My WWII friend, Armand, wanted to introduce me to a new restaurant. I worried if it might be too expensive, or maybe too common. We had enjoyed Hispanic cuisine at a restaurant he adopted in Hicksville, Punto Rojo, with which he had been associated since its opening.
But when he told me the name of the new restaurant, I knew I couldn’t take my wife there because of the sad connotations. The name was Monroe’s, after Marilyn. Poor Marilyn had been the plaything of various men, none of whom wished her harm, but they had been unconscious of her real welfare. From their standpoint, there was too much me, me.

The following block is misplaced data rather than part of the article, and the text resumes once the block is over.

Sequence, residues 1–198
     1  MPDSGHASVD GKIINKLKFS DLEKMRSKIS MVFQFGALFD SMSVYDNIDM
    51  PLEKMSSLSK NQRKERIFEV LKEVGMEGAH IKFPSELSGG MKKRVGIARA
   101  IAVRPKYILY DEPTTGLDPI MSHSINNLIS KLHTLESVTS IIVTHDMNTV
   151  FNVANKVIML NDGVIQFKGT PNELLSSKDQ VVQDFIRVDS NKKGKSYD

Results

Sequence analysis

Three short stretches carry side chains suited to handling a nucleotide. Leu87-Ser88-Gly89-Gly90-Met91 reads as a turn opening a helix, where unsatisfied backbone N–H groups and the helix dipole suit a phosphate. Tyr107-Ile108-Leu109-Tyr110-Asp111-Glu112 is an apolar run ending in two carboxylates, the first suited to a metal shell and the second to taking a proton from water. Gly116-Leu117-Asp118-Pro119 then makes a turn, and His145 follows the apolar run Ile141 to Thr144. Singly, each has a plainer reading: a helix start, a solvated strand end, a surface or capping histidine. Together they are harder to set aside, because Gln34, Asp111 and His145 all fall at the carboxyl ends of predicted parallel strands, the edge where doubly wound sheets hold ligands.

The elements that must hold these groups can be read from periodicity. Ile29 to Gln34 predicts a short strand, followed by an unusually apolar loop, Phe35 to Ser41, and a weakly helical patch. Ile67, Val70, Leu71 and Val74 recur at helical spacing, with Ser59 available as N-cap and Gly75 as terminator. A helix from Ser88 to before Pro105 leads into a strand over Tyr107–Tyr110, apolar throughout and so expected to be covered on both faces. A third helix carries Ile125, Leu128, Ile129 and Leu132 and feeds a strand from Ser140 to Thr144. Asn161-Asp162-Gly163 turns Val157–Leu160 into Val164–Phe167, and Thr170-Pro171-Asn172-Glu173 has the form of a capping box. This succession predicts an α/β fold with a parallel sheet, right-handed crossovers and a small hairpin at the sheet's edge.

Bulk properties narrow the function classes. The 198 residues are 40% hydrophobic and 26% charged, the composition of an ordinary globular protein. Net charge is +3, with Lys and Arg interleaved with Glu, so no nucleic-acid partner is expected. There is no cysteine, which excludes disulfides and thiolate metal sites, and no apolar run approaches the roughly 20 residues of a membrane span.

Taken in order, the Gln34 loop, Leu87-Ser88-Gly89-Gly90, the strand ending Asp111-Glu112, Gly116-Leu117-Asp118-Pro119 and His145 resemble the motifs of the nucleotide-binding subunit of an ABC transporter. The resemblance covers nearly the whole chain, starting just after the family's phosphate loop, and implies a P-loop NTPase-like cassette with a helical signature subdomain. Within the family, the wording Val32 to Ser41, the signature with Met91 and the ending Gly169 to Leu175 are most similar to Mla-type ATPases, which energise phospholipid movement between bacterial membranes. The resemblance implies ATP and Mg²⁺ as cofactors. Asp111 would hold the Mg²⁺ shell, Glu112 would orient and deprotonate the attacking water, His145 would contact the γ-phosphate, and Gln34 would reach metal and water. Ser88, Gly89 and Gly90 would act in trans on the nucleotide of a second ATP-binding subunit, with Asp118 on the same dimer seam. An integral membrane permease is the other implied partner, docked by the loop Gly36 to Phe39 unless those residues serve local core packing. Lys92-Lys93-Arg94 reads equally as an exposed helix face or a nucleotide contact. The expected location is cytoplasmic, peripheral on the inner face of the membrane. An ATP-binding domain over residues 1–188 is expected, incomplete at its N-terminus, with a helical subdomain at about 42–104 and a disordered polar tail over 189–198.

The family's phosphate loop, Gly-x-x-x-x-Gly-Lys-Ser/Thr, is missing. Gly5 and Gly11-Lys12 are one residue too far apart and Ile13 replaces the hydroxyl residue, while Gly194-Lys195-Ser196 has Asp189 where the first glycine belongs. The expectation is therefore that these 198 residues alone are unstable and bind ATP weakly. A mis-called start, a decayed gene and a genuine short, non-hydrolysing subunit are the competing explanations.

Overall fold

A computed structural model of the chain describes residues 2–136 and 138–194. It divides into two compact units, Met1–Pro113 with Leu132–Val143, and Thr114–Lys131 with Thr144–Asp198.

There was no Son of Man to save her. She could have used a man like that.